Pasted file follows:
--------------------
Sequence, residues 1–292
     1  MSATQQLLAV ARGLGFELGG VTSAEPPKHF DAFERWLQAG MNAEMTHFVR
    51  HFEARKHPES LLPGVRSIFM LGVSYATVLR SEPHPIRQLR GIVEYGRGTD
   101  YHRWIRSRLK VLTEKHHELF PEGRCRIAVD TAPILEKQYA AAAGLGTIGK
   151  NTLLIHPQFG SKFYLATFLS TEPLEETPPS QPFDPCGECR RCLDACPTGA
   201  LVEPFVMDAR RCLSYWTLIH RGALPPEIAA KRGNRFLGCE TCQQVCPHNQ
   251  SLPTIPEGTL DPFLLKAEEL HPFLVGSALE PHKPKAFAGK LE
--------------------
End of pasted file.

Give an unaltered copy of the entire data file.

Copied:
Sequence, residues 1–292
     1  MSATQQLLAV ARGLGFELGG VTSAEPPKHF DAFERWLQAG MNAEMTHFVR
    51  HFEARKHPES LLPGVRSIFM LGVSYATVLR SEPHPIRQLR GIVEYGRGTD
   101  YHRWIRSRLK VLTEKHHELF PEGRCRIAVD TAPILEKQYA AAAGLGTIGK
   151  NTLLIHPQFG SKFYLATFLS TEPLEETPPS QPFDPCGECR RCLDACPTGA
   201  LVEPFVMDAR RCLSYWTLIH RGALPPEIAA KRGNRFLGCE TCQQVCPHNQ
   251  SLPTIPEGTL DPFLLKAEEL HPFLVGSALE PHKPKAFAGK LE